Anyone with writer’s block will totally lack sympathy, but I am having to stop myself from doing any writing. I have two outlines on the go, but truly, seriously, no time to get caught up in it. I know, that’s the ‘modern sickness’, isn’t it, being ‘too busy’? It can end up defining us, the stress of our lives become a boast, even a competition. But I am not saying I am in the state of ‘too busy’ all the time, simply this is one of those points where life matters are at a nexus of having a lot to do across work, domestic, and family areas. To put that in perspective, I am off on holiday in less than two weeks, so how bad can it be? Still, something has had to give.
Instead, I have been finding a pleasant distraction in choosing and downloading or ordering (I am, capriciously, both e-reader user and paper enthusiast), the books I’ll take on holiday (I can do one a day on a vacation, easy). It’s a judicious balance between locating bargains (which I want to read) and deciding when to splurge a bit (on books I want to read even more).
And in the meantime, whilst I wearily ride out the current period of competing demands, I turn to comfort reading.
To me, the ‘comfort read’ has two main types with one common characteristic: that of predictability. It is, of course, from that predictability that the reassurance, i.e. comfort, derives. And it can come from either something you have read before and are returning to (or in some cases keep returning to), or from ‘knowing what to expect’, such as genre fiction, or a writer with a specific style or narrow range.
Re-reading books is not for everyone. I get that – so little time, so many books to read, and I rarely return to the same book twice myself. However, when I do, it can be more than once. It may not be everyone’s idea of a comfort read, but every few years I have returned to Emily Brontë’s Wuthering Heights (1847). Perhaps, in a way, there is familiarity for me as I grew up a few miles away from its setting; I know, and I love, the dark moorland and rugged hills. Then again, I first read and loved it in my teens, and still have that same teen-age copy, so no wonder it feels like home. The plot is so wonderfully preposterous—there really hasn’t been a successful film or TV adaptation (go on then, name it). Anyway, it beats thinking about my first boyfriend (yuck).
Another book I have returned to several times is Margaret Atwood’s The Robber Bride (1993) – and I really don’t know why. She’s a favourite writer, yes, I admire the book, but there must be something else. Why that one? Perhaps it’s the comfort and consolation of female friendship depicted, or perhaps a sense of resolution at the end. A further example is Daphne du Maurier’s Rebecca (1938), a slice of melodrama that’s wonderfully written (I have met several people that keep returning to this one). Finally, as I have mentioned in a previous blog (here) I have returned several times over the years (again, since my teens, when I took a tattered Penguin edition from the shelf) to Stella Gibbons’s hilarious and enduring Cold Comfort Farm (1932).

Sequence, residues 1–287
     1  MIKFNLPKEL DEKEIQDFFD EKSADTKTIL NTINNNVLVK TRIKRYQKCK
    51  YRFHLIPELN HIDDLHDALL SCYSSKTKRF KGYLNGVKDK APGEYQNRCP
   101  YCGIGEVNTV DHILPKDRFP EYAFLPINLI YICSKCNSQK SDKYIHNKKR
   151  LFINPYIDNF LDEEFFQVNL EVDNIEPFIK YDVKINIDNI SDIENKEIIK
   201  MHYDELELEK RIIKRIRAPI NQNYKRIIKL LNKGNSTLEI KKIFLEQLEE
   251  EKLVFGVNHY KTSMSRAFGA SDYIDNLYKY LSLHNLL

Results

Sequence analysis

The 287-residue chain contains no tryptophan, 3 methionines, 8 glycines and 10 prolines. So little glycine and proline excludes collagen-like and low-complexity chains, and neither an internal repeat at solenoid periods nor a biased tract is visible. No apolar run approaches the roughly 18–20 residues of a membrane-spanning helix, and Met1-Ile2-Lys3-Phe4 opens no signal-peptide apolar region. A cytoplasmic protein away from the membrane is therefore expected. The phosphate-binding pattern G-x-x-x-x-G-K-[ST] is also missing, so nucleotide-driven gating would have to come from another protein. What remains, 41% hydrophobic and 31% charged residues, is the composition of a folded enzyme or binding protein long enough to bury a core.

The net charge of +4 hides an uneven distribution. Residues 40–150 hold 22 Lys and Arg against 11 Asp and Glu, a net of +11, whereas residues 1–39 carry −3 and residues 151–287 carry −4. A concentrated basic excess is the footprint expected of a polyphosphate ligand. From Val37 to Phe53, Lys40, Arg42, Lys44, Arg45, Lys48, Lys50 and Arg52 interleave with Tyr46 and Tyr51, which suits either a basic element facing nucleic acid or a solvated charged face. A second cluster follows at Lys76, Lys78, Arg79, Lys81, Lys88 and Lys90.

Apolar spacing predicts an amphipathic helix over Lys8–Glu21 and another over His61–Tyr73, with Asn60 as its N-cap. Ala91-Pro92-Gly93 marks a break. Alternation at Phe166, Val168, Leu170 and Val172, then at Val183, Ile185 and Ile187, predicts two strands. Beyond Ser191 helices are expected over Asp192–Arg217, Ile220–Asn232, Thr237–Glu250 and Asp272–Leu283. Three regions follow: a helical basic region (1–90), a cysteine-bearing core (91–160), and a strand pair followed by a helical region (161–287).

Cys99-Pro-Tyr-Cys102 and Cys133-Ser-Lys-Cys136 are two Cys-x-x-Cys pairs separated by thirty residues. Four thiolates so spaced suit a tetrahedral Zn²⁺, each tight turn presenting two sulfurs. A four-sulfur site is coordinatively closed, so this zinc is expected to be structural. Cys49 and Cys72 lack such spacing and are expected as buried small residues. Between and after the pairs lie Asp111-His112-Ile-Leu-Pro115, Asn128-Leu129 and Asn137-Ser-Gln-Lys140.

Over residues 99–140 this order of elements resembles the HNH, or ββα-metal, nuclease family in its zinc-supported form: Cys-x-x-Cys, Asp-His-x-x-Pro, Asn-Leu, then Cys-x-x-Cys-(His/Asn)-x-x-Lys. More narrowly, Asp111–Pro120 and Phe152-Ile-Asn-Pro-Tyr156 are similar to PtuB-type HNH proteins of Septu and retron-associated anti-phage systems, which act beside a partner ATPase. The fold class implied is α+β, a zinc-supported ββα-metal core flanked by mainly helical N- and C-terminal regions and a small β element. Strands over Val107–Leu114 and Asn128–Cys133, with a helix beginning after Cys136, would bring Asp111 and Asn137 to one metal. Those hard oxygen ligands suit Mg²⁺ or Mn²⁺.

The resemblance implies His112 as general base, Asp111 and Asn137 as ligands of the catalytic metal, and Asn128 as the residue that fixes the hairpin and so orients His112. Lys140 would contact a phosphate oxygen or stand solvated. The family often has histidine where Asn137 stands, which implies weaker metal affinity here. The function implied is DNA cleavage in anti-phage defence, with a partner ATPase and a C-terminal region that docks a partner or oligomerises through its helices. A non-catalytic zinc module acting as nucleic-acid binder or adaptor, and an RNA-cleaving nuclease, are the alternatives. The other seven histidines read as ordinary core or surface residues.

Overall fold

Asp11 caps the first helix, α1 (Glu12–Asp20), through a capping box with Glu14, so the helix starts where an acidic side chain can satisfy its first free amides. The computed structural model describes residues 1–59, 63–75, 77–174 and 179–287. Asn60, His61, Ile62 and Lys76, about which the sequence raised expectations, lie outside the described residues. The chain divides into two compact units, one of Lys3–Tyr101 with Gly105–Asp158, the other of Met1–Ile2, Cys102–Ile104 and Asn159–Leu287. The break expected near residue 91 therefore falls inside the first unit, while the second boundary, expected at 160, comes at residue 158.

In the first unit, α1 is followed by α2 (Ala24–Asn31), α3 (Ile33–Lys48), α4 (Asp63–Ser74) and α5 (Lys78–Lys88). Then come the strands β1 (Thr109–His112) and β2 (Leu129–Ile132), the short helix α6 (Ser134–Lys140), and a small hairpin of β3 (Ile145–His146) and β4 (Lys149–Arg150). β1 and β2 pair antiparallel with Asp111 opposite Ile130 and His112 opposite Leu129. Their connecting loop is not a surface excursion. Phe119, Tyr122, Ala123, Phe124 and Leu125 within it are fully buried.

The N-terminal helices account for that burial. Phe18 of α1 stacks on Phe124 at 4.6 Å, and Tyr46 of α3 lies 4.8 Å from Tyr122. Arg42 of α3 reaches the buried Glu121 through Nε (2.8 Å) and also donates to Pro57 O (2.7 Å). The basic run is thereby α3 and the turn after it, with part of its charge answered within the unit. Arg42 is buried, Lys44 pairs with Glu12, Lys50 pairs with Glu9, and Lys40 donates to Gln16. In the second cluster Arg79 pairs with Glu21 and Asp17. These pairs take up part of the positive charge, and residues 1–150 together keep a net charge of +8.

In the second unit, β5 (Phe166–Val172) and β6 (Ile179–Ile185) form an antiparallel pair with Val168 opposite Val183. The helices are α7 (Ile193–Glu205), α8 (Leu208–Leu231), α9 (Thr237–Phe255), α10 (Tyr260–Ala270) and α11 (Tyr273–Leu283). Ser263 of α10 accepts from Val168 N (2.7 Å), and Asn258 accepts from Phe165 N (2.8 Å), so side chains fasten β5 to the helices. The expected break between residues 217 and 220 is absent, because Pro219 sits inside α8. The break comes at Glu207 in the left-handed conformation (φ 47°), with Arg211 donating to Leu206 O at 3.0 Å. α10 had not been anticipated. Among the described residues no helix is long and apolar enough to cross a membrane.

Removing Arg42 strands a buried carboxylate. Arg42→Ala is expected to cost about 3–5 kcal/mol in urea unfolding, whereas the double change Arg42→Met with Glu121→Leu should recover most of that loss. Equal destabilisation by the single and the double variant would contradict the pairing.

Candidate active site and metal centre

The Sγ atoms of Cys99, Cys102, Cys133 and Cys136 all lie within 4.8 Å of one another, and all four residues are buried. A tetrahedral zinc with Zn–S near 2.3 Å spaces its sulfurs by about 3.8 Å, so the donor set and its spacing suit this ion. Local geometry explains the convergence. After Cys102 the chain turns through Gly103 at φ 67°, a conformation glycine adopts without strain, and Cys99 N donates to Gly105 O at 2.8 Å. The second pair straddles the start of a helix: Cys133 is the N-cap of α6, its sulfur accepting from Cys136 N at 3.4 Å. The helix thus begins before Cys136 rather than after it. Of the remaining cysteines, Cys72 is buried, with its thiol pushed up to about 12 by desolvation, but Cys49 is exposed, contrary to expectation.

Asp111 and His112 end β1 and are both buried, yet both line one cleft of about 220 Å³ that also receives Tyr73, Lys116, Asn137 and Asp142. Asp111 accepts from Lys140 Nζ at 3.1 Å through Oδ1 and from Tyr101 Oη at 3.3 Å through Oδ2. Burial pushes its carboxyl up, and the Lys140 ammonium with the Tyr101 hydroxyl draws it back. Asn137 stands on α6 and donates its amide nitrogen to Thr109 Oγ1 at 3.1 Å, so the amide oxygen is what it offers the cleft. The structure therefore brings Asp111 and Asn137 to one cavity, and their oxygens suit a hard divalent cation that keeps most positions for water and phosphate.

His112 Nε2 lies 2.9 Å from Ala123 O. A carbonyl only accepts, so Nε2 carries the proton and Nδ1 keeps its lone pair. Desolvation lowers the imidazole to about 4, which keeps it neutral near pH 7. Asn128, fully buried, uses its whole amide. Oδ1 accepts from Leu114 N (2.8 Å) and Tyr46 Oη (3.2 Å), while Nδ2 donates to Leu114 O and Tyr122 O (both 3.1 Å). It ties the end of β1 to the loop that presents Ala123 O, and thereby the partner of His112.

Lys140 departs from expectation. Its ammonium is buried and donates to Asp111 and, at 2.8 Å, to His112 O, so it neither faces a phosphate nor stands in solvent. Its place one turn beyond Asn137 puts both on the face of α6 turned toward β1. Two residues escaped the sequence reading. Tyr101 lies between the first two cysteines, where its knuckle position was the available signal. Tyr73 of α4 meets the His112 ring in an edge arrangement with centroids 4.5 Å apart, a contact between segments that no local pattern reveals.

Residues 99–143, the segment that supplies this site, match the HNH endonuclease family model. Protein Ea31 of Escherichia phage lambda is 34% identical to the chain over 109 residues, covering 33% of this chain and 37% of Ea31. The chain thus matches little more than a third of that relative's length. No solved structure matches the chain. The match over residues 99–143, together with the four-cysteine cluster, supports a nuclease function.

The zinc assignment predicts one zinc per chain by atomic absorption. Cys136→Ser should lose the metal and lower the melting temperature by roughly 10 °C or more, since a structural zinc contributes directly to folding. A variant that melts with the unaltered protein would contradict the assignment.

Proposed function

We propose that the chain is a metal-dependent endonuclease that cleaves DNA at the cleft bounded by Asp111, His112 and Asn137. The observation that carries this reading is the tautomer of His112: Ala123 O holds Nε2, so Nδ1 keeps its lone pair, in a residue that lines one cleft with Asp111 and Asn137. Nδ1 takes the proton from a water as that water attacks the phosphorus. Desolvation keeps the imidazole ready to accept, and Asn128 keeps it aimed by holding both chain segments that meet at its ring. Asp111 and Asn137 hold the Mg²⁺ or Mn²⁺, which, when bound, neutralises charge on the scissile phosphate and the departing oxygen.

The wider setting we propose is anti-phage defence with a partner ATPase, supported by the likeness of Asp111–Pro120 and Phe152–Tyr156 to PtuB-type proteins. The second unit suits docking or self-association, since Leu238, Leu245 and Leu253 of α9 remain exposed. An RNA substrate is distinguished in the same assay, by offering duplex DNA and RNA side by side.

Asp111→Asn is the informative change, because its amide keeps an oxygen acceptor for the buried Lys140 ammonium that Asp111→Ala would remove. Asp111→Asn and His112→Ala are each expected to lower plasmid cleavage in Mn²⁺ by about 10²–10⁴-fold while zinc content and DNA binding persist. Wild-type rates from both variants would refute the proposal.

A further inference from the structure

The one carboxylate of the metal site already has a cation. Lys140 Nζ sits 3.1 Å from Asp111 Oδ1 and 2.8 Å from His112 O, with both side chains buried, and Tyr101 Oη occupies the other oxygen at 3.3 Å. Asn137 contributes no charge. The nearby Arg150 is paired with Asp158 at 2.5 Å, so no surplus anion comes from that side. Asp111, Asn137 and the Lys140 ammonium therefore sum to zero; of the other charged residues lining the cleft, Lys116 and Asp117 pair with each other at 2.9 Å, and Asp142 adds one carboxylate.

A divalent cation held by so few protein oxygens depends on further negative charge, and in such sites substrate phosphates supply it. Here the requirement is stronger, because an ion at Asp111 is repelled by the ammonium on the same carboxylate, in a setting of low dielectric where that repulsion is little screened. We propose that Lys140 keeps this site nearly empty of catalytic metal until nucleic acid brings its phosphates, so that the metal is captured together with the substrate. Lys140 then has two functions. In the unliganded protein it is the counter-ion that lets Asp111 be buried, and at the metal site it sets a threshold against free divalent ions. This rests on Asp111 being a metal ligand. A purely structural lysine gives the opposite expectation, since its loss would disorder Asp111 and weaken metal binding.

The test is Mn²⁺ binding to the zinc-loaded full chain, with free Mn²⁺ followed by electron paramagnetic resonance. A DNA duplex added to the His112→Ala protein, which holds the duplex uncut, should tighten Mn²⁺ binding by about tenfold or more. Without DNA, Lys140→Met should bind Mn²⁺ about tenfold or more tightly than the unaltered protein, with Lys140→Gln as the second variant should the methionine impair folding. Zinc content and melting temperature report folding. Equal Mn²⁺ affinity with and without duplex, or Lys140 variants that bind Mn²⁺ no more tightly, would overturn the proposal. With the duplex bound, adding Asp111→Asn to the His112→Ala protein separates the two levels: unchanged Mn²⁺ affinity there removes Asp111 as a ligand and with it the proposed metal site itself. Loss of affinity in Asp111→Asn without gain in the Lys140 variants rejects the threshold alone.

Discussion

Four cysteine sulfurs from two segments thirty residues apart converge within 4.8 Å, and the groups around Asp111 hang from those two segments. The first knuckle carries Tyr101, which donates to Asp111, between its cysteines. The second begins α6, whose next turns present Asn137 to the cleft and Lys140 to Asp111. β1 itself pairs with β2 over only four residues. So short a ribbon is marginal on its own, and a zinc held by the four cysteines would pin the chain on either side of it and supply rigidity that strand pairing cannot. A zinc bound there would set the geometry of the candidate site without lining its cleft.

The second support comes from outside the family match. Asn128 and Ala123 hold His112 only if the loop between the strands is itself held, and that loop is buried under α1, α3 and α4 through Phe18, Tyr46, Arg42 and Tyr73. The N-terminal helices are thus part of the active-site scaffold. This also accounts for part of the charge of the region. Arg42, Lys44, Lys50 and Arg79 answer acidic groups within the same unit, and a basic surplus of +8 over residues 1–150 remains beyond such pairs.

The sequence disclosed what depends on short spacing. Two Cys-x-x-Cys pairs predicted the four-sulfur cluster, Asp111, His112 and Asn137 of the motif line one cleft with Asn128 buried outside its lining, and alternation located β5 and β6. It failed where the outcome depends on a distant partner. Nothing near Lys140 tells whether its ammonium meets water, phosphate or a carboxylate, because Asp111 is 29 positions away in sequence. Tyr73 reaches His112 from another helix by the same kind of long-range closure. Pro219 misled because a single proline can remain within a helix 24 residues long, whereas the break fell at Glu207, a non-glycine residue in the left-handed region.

One of the second type of comfort reading for me is Anne Tyler. Don’t get me wrong, she rarely fails to please, her studies of interpersonal relationships, family eco-systems, and human drives are second to none; her common themes of times passage, love, loss and loneliness are wistful and deeply moving—and certainly not un-demanding. But with her favoured settings in terms of location, class, and ‘dysfunctional’ family set-up, I do feel I know what I am getting.
In terms of genre reading, I had never particularly been attracted to thrillers before. Until last summer, that is. It was an emotionally challenging time, and I gobbled down one after another of those ‘twisty thrillers’ that continue to proliferate (paranoia about the people next door, across the road, the nanny, brother-in-law, teacher; dreadful and hidden secret in the past, etc…). Some were very good, some less so, but there was an odd, dark escapism, and they were undemanding. A sort of literary fast food. Not that I am knocking genre fiction! It may be fairer to say, like something simple and home-cooked, of the ‘bangers and mash’ or ‘mac and cheese’ variety.
Because they have something in common, comfort reading and comfort eating, don’t they? They are something we turn to in times of stress and tiredness, and perhaps emotion, seeking reassurance, familiarity. In comfort eating, we’re not likely to turn to that new edgy and experimental fusion restaurant. No, it’s good old pizza, tomato soup, ice-cream (vanilla or chocolate, that is, not snail and tonka bean). Like those homespun and often childhood favourite dishes, our comfort reads never let us down.
What are your comfort reads, whether a favourite author, genre, or book you keep returning to?
Main picture: Suzy Hazelwood; pizza photo by Muffin, both via Pexels